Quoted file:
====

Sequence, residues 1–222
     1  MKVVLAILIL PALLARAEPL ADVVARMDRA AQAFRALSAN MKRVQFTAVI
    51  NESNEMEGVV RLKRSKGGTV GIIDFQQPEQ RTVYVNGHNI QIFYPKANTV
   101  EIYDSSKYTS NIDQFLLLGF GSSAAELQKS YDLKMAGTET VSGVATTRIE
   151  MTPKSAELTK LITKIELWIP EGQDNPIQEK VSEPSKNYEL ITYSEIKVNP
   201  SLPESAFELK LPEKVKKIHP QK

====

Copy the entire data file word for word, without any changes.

Sequence, residues 1–222
     1  MKVVLAILIL PALLARAEPL ADVVARMDRA AQAFRALSAN MKRVQFTAVI
    51  NESNEMEGVV RLKRSKGGTV GIIDFQQPEQ RTVYVNGHNI QIFYPKANTV
   101  EIYDSSKYTS NIDQFLLLGF GSSAAELQKS YDLKMAGTET VSGVATTRIE
   151  MTPKSAELTK LITKIELWIP EGQDNPIQEK VSEPSKNYEL ITYSEIKVNP
   201  SLPESAFELK LPEKVKKIHP QK